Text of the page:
Ok, yesterday was the first practice of the year, but it really didn’t count. Well, the girls got out and ran and kicked and got caught up with each others lives. So that part is like a normal practice.
But this practice was not run by me. I was mostly a bystander while the club’s professional coach ran all the select teams thru some agility drills and other core strengthening exercises.
I praised, urged, sprinted 100 yards with the girls, but beyond that, it wan’t my practice.
But it was the first practice of the season. You could tell. Kids who had spent the winter playing basketball were more than willing to pick up the ball with their hands and throw it to people. Hands were preferred, not feet. That’s to be expected. But now they are mine for 3 moths (insert evil laugh). We must get the basketball out of their heads.
From a coaching perspective, the first practice is where you try to get them prepared to train hard. You start with a conversation, hoping some of it sticks.
I took my U12 aside and told them to push themselves today, so they would hurt and be sore today. That way in the games to come, they would be rested.
Back in the day, when I was in high school, my soccer team ran more than the schools cross country team and we hated the preseason. One mile under 6 minutes starting at 7 AM! Morning practice for 3 hours. Afternoon run of 2 miles under 13 minutes. Two hour afternoon practice. Starting at 6, 5.4 mile run on a trail in under 50 minutes. Three weeks straight of that.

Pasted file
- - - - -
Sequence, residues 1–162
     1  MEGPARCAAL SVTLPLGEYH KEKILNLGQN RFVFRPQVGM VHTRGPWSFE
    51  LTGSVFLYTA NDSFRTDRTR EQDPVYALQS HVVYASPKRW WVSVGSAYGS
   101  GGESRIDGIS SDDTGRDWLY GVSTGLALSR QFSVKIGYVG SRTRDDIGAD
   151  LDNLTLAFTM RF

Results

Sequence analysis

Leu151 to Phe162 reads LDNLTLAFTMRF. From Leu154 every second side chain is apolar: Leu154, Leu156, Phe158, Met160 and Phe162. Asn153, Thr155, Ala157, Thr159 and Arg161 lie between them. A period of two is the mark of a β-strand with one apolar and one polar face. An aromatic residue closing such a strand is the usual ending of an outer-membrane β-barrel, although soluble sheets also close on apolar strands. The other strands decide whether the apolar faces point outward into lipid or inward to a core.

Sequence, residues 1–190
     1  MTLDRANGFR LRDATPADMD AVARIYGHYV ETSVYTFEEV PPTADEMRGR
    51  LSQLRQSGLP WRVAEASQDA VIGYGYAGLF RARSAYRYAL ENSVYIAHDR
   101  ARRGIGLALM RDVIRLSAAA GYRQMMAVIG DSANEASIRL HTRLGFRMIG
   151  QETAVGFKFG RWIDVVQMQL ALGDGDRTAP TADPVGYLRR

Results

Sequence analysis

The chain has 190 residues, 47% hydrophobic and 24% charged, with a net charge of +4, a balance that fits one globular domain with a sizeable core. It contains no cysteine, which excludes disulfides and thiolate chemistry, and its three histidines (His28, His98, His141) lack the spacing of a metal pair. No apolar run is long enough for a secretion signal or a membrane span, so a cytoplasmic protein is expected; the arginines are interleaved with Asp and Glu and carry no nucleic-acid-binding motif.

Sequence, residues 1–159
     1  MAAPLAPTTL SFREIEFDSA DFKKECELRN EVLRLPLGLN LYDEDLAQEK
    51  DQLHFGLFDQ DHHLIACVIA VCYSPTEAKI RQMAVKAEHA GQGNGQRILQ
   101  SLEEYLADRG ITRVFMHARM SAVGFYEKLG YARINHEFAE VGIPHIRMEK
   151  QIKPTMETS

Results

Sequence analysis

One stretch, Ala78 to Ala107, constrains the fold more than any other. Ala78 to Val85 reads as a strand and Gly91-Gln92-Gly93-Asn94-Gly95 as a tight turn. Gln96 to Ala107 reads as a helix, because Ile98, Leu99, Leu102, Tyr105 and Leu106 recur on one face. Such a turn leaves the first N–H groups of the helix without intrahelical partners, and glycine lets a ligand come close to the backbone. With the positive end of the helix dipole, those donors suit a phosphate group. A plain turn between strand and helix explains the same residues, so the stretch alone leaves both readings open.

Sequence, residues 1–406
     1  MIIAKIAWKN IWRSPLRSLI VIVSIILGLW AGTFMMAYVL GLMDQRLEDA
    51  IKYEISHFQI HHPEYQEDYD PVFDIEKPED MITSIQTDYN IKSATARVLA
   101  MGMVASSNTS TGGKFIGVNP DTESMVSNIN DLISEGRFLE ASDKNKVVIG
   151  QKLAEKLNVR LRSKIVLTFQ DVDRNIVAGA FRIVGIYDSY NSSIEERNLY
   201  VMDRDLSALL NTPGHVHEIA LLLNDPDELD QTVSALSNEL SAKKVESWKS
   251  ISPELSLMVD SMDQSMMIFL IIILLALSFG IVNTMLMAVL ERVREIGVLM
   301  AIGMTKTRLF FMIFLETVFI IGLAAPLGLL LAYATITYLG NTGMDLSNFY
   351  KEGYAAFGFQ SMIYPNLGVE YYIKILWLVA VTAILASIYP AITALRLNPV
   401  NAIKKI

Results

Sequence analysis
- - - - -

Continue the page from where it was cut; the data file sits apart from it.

I remember going home the first day feeling great. Sore, but peppy from what I accomplished that first day.
And then I woke up the next day.
The blankets were so heavy. My legs so rigid. Oh, the pain. But somehow I would get back out to the field at 7am and start running again. Once I moved, the soreness subsided (or all feeling was lost.)
Yesterday, the kids spent 45 minutes doing some agility drills, then 15 minutes of wheel barrels and crunches. Then, they spent a half hour playing some sloppy keep away and some 4 on 4… but the girls laughed and rolled around on the ground. Feet were stepped on, knees banged together, butts were jammed into guts… all good first practice aches that will eventually get more intense and require ice.
But the first practice wasn’t for instilling our new offense or correcting some of our defensive quirks. It was for getting the team back together. Have them socialize. Have them kick a ball. Have them run a bunch.
I asked X today how she felt. “I don’t get sore,” she said.
I think that was a challenge for the second practice.